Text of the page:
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Sept. 6 — The EEOC can pursue its claim that Maryland health-care provider Dimensions Healthcare System failed to promote a female employee because she took leave to have a baby, a federal judge ruled ( EEOC v. Dimensions Healthcare Sys. , 2016 BL 288080, D. Md., No. 15-2342, 9/2/16 ).
The case demonstrates that comments made by employees in decision-making positions can potentially lead to direct liability for employers under federal job discrimination law. It highlights the need to train these employees not to voice or consider unlawful factors when making personnel moves.
A statement by Associate Vice President Judith Selvage to Cassandra Crawford explaining that a male candidate was promoted to manager rather than Crawford because he had a management background and Crawford had taken “maternity leave for a while” could be direct evidence of sex bias under Title VII of the 1964 Civil Rights Act, the U.S. District Court for the District of Maryland held Sept. 2.
Judge Paula Xinis said Selvage was the decision maker responsible for filling the manager position in Dimensions’ Patient Financial Services Department. “What is more, Selvage’s explanation for Crawford not receiving the promotion came on the heels of Selvage’s decision, in close temporal proximity,” the judge wrote.
Other similar evidence could show that Selvage had a pattern of discriminating against women who took maternity leave, the court found. Selvage admitted during her deposition that she had waited to demote another employee until that person returned from maternity leave because she wouldn’t touch the worker “with a ten-foot pole” while she was pregnant, the court said.
Dimensions runs Bowie Health Center, Laurel Regional Hospital and Prince George’s Hospital Center, and it says it’s the largest provider of health-care services in Prince George’s County, Md.
“While we cannot comment on pending legal matters, it’s important to know that Dimensions Healthcare System is strongly committed to diversity and inclusiveness,” the company said in a statement provided to Bloomberg BNA Sept. 6.
The Equal Employment Opportunity Commission also may be able to establish its claim against Dimensions through the circumstantial method of proof, Xinis added.
She said a jury could find the health-care provider’s explanation that Terreze Jones—the male candidate who received the promotion—was the best fit for the job to be a cover for bias.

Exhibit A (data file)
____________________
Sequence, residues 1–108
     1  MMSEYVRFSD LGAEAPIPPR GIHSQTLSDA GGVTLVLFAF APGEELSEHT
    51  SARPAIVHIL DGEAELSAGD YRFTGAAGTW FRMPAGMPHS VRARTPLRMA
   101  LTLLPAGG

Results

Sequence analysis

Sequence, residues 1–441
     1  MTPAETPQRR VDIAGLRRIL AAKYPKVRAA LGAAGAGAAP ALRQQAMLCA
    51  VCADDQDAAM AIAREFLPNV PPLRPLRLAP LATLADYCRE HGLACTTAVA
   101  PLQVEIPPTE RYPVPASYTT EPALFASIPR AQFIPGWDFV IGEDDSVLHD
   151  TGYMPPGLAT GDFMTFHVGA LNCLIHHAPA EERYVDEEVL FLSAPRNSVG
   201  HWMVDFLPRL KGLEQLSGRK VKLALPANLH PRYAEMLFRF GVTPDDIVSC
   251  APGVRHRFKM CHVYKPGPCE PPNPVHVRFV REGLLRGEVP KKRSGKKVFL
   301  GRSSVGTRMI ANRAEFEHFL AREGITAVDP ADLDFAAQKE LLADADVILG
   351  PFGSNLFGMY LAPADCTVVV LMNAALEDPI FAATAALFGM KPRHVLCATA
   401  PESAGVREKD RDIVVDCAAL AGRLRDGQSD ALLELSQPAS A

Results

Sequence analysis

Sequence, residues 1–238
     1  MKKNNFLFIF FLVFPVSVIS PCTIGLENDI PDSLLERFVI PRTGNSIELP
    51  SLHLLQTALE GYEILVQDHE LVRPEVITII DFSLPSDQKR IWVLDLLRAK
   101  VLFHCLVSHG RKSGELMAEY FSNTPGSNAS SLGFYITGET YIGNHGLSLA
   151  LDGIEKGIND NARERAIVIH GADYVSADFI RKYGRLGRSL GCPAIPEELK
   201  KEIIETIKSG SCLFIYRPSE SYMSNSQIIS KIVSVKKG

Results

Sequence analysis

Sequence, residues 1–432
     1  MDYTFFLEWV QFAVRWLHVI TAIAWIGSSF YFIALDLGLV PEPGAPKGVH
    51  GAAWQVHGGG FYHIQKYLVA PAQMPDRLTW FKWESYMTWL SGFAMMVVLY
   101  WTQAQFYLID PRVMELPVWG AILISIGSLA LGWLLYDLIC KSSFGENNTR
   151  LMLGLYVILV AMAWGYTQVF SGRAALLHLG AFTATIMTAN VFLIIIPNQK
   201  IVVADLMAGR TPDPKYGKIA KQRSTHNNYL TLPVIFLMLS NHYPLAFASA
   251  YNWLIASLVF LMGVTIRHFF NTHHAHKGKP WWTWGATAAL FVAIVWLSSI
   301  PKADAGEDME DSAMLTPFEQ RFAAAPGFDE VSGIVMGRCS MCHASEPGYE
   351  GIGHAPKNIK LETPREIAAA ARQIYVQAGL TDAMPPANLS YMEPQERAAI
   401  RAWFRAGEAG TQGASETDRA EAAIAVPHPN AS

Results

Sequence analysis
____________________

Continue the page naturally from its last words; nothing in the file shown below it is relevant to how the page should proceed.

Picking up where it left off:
The judge cited evidence that Crawford had 23 years’ experience in the health-care industry, including seven with Dimensions, while Jones had just nine years of industry experience, only two of which were with the company. Jones also had been disciplined for attendance issues while Crawford had a record of favorable performance reviews, Xinis said.
In addition, Crawford’s and Jones’s supervisors both testified that they believed Crawford was the better candidate, the court said.
Moreover, Jones’s resume was amended to include mention of his “management experience” only after Selvage had cited it as a reason for giving the job to Jones rather than Crawford, the court said. Two prior versions of his resume made no such reference, it said.
Dimensions also departed from its regular “promotional chain” in selecting Jones over Crawford for the manager position, the court said. The usual course would have been to promote a team leader—the position Crawford held—rather than someone holding the lower-ranked position of insurance team specialist—Jones’s job before he was promoted. Instead, the company “inexplicably leapfrogged” Jones over Crawford, the court found.
The EEOC declined to comment on the ruling to Bloomberg BNA Sept. 6.
EEOC attorneys Amber Trzinski Fox, Debra M. Lawrence and Maria Salacuse in Baltimore represented the commission. Kraig B. Long of Miles & Stockbridge P.C. in Baltimore represented Dimensions.
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Text of the opinion is available at http://www.bloomberglaw.com/public/document/EEOC_v_Dimensions_Healthcare_Sys_No_PX_152342_2016_BL_288080_D_Md.
Copyright © 2016 The Bureau of National Affairs, Inc. All Rights Reserved.
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